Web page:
The Survivorship Care Plan
One helpful tool for managing your follow-up care is a survivorship care plan. This document includes a summary of your diagnosis and all the treatments you received, as well as a follow-up plan of the steps you need to take to achieve the best health and well-being possible. The survivorship care plan is a very important part of follow-up care for everyone who completes treatment for cancer. It helps you work effectively with your primary care doctor as well as other members of your health care team. You can use the checklist on X page as a guide.
Survivorship Care Plan Checklist
Use this list as a guide when creating your personalized survivorship care plan. Ask your doctor for a treatment summary, which should include:
- The type and stage of the cancer(s) you were diagnosed with, as well as the date you were diagnosed
- The types of treatment you received (including surgical procedures, names of chemotherapy drugs, radiation doses, and all tests that were performed) and dates received
- Complications you may have experienced (such as side effects, transfusions, and hospitalizations)
- Other treatments used (such as physical therapy, acupuncture, herbs, vitamins, or other alternative treatments)
Discuss with your doctor what your follow-up plan will be. This should include:
- A description of your state of health at the end of treatment
- A future schedule of visits (time and date)
- Who will deliver follow-up care (and where)
- Tests that will be done and why they are needed (such as those watching for a recurrence)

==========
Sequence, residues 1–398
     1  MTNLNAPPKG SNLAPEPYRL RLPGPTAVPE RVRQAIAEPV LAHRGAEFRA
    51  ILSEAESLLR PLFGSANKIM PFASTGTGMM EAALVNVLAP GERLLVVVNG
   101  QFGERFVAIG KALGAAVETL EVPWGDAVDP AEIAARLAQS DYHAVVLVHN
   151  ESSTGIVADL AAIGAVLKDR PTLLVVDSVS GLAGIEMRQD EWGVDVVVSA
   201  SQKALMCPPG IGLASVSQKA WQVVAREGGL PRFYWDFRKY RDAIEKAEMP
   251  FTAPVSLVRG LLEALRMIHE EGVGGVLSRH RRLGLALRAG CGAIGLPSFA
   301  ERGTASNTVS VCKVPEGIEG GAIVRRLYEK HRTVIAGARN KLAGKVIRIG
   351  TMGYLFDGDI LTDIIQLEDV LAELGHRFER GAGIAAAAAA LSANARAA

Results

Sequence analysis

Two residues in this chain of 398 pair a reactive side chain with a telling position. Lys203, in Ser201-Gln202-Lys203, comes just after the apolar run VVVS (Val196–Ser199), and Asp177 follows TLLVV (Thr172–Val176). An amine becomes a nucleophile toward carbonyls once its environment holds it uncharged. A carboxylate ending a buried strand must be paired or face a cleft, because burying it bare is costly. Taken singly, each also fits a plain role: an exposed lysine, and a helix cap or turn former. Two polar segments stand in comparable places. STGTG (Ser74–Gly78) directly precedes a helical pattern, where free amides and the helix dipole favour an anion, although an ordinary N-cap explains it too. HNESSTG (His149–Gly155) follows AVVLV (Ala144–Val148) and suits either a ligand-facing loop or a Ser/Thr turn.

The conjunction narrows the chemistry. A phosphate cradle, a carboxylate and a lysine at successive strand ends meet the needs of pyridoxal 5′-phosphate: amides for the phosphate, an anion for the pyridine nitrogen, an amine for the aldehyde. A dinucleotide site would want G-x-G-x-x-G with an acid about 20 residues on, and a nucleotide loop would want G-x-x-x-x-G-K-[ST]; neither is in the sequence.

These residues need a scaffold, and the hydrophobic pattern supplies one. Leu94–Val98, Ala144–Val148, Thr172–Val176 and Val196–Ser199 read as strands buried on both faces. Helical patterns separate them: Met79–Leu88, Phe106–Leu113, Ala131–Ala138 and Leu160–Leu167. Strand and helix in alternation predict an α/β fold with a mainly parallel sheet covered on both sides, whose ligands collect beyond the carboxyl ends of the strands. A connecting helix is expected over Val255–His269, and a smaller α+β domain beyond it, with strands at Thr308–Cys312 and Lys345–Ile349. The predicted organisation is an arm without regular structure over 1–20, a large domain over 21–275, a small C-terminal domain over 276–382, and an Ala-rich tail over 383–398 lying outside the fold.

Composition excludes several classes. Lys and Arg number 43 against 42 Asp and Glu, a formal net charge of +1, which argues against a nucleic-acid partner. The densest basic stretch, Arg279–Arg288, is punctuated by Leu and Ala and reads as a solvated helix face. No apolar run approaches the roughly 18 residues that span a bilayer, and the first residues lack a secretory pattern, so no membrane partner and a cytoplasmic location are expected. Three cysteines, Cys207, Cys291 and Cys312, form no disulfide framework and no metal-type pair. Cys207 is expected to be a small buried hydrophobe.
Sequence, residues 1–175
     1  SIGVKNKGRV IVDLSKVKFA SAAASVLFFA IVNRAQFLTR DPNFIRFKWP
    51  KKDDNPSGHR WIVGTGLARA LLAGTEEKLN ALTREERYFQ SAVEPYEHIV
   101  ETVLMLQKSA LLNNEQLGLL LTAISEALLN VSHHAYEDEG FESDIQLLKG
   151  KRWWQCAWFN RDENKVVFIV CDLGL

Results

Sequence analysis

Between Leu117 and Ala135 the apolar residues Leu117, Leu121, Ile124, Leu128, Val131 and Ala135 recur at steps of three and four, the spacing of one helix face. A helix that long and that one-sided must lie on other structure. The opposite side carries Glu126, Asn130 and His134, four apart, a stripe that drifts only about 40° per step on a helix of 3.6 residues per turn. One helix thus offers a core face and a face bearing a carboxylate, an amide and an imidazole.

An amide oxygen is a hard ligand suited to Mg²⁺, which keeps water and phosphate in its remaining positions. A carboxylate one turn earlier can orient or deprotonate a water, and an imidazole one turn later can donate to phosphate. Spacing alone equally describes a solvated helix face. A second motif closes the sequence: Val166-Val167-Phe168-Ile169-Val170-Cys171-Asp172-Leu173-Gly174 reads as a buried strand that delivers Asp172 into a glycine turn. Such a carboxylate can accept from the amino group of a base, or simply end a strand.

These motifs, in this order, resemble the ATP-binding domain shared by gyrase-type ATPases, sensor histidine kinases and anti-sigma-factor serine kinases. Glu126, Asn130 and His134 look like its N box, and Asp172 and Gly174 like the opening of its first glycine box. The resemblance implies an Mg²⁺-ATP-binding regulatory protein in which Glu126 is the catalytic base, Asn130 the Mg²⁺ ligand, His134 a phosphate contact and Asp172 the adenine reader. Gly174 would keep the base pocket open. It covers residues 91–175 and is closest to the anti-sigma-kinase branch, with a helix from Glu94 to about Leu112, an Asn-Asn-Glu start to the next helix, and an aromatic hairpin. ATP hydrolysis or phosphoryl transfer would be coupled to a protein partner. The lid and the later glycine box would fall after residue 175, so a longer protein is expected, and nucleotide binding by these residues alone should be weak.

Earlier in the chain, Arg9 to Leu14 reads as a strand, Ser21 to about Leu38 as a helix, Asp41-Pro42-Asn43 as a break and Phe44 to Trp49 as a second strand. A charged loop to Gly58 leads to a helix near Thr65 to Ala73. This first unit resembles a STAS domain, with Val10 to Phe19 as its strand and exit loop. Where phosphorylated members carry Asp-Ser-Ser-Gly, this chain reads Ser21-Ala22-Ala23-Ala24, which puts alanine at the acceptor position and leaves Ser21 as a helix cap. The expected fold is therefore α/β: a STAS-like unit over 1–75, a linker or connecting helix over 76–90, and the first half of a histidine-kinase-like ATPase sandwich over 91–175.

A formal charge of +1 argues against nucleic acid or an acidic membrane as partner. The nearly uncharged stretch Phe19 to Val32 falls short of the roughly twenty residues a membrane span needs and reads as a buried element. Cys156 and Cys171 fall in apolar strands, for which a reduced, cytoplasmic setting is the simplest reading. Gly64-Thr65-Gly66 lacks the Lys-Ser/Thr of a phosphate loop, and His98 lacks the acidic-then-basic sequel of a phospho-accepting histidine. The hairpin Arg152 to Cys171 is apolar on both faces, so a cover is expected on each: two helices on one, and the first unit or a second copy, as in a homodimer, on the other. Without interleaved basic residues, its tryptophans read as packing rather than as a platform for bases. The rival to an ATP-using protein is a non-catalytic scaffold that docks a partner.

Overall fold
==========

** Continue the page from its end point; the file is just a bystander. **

- What long-term effects might occur (such as swelling or numbness in the limbs, pain, or depression), how to watch for them, and how they will be treated
- Symptoms to watch for that might signal a return of your cancer
- A list of any habits you may have that can interfere with your recovery, and the steps you will take to adopt a more healthy lifestyle
Tips for Managing Medical Debt
Whether or not you are insured, you may find yourself struggling with outstanding medical bills from your cancer treatment. Consider the following options.
If You are Insured
Read your insurance policy and understand the terms of your contract. If you have questions, ask your insurance company, insurance broker, or the human resources staff at your place of employment to explain it to you. Your insurer may have denied a claim even though you are entitled to coverage. The Kaiser Family Foundation has an excellent guide on how to dispute claims with your insurer. For more information, HealthCare.gov has an excellent guide on how to dispute claims with at www.healthcare.gov/appeal-insurance-company-decision/appeals/ or read CancerCare’s fact sheet titled, “Understanding Your Insurance Coverage.”
Ask the hospital or doctor to consider the insurance payment as “payment in full.” Many people don’t think to do this, and it is often more successful than expected. Some hospitals have funds to offset medical services that aren’t fully covered by insurance.
Whether or Not You Have Insurance
Double check all bills and EOBs (explanation of benefits). You’d be surprised how often billing mistakes are made. If you don’t receive an itemized bill, ask for one. Look for incorrect dates of service (for instance, you shouldn’t be billed for the room on the day you were discharged) and fees billed more than once for the same test or procedure.
Work out a payment plan. Often, doctors and hospitals are willing to negotiate interest-free monthly payments.
Seek out help from nonprofit organizations such as the Patient Advocate Foundation (800-532-5274 or www.patientadvocate.org) and CancerCare. Call 800-813-HOPE (4673) and speak with a CancerCare professional oncology social worker who can help you explore your options and find appropriate resources.